Starvation, and starvation-related diseases, sweep over the entire human race. Sela Ward runs off with her boyfriend, Jake Gyllenhaal dies of starvation in the arms of his father. In one of the dreariest, darkest endings of all time, Dennis Quaid finds himself in his deathbed, his ribs poking painfully through his skin, dying of black lung, gangrene and scurvy in the same room as President Becker who is in the same final stages. The two men commiserate about how terribly wrong they were to blame natural climate changes on the most productive people and corporate entities, which, on reflection, throughout history, have done so much to ease human suffering and so little to cause any of it. Both men wish they could go back and repeat history to avoid the terrible mistakes they have made. Reading the Bible that the atheist guy saved from the library, they come across the passage about coveting your neighbor and realize this is where they went wrong. They wish they had not been jealous of these corporations. They wish they had not been so quick to believe the scientists who chased federal research dollars with politically correct prejudices in their research, and so slow to believe the scientists who did not. They wish they did not base so much of their “science” on glossy Hollywood productions. Belatedly, they realize there WAS indeed a money-grubbing, greedy industry in Old America that was truly bad for humanity, which went completely unregulated. This was the movie industry. But it’s too late for any of this now.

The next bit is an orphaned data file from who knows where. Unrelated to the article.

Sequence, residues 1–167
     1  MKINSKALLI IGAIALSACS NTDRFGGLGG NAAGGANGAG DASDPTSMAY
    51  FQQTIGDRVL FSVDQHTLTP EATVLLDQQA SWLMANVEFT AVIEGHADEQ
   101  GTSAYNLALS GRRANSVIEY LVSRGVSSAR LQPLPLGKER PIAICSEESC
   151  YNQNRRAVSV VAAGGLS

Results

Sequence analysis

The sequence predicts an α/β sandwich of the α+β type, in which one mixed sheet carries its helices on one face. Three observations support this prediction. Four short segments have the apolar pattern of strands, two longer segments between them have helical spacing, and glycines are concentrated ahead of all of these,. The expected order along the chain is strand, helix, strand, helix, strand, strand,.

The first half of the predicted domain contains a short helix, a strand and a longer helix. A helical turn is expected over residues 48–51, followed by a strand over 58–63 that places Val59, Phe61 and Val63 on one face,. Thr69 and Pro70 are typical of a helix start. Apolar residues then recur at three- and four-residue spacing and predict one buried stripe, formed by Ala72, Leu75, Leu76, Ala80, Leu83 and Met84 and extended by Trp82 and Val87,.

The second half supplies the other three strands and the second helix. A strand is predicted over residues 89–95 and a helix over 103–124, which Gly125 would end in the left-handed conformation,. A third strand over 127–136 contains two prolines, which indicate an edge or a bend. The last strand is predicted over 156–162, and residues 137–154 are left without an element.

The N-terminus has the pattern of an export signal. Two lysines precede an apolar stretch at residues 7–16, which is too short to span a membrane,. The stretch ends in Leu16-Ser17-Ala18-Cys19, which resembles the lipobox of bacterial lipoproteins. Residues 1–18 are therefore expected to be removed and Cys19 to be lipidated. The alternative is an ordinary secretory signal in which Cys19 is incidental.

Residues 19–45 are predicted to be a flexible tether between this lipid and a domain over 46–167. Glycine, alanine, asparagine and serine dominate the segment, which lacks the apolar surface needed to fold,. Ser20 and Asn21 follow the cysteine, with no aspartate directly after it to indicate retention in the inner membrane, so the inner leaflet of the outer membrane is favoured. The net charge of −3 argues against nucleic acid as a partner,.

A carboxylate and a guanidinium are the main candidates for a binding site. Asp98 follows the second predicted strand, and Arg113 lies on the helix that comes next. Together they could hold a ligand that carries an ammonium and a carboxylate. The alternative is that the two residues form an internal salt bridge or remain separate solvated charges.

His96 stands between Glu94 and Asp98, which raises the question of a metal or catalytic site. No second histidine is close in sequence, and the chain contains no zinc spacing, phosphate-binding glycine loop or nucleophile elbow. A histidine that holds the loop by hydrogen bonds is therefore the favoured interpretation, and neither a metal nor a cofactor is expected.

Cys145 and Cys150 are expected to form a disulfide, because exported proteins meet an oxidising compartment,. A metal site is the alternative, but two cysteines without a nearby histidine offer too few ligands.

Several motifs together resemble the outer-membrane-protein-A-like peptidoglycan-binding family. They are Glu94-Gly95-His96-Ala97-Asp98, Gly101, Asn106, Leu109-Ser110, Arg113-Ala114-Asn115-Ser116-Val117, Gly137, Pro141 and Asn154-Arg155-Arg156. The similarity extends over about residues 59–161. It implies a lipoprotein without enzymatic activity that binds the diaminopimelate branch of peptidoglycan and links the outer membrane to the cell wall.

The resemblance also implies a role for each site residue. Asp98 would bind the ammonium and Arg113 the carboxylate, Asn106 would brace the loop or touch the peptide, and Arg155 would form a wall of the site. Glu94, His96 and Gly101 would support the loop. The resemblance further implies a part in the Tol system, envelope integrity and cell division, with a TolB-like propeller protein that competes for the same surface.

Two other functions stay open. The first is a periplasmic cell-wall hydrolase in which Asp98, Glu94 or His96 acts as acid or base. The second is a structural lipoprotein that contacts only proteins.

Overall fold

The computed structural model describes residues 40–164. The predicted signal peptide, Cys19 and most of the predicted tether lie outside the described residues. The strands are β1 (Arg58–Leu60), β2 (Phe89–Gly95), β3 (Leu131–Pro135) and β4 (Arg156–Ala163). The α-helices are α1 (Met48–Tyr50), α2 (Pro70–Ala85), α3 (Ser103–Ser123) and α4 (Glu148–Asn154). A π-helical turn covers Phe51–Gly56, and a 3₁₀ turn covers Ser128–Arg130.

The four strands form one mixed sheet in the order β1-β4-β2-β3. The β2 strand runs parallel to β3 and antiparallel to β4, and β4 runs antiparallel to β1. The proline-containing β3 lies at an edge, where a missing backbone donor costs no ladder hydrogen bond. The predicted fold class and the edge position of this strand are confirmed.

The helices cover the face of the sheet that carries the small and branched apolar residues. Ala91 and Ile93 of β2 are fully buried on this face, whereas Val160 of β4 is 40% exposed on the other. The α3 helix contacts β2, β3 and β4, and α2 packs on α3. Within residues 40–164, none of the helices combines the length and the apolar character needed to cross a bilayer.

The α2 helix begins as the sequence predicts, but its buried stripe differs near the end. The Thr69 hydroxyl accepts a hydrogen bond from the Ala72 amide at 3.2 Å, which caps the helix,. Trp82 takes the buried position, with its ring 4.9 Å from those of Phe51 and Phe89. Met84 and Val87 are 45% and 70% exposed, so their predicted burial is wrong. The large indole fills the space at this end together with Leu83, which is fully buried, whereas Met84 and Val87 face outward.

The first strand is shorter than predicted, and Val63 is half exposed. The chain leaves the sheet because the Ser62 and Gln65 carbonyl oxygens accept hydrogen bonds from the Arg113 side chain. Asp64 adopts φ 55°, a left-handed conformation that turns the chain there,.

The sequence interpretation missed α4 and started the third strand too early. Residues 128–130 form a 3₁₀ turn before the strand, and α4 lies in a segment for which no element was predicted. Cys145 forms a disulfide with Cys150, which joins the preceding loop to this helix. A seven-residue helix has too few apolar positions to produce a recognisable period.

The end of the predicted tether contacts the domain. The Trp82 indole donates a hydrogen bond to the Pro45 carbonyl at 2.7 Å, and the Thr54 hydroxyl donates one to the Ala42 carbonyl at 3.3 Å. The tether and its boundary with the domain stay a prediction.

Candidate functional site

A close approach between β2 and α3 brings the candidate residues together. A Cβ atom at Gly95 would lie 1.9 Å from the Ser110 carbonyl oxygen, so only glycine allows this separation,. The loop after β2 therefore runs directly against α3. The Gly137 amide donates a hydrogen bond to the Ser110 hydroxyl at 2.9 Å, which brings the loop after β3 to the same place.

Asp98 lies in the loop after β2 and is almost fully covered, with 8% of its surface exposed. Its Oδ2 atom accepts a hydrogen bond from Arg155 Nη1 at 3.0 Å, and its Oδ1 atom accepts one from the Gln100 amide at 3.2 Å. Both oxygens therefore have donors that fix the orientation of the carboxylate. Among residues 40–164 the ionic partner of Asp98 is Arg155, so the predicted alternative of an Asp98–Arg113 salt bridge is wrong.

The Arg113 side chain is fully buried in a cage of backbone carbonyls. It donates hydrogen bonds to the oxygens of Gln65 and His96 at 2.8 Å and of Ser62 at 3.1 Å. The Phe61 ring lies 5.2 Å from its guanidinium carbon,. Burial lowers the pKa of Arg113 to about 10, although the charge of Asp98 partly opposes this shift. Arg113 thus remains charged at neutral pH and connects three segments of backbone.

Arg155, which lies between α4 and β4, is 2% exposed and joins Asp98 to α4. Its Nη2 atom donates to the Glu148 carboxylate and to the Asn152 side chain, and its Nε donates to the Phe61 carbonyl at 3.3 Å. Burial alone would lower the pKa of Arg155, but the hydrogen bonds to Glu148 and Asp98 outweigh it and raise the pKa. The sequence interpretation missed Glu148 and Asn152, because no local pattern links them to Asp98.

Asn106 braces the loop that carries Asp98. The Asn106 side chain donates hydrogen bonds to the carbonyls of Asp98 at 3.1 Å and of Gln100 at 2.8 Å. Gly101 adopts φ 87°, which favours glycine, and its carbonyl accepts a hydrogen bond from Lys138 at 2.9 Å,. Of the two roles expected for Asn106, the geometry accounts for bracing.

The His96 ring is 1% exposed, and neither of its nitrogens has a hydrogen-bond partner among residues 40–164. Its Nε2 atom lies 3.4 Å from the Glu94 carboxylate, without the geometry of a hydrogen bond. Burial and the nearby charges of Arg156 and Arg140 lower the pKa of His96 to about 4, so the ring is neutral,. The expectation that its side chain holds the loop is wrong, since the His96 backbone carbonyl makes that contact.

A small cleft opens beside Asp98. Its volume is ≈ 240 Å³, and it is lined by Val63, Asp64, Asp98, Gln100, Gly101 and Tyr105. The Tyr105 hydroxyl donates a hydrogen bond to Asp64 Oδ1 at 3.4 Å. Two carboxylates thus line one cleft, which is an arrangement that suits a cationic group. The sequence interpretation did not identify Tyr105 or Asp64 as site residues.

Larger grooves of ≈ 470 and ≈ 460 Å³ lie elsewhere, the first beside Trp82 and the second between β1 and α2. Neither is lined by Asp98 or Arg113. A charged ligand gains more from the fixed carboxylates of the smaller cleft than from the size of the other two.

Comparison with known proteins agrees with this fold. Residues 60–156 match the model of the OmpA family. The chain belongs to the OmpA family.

The doe-eyed cancer patient from the first movie is sworn in as the new President. The poor fellow who was flash-frozen from the helicopter accident, is thawed out, and he becomes the Vice-President. Nobody cares very much now though, because the United States is made into a non-entity. The rest of the world rejoices about this, for a brief time, until somebody remembers there’s no food, no foreign aid, and no military strength to protect anyone from the gangs of thieving marauders who roam the wasted planet at all hours of the day and night. “Day After The Day After Tomorrow, The” is hailed by critics as deep-thinking, poignant, dark, moody, and thought-provoking. It is also the most depressing story ever told right after “Grapes of Wrath”.
Hey…Roland Emmerich can have an agenda, so can I.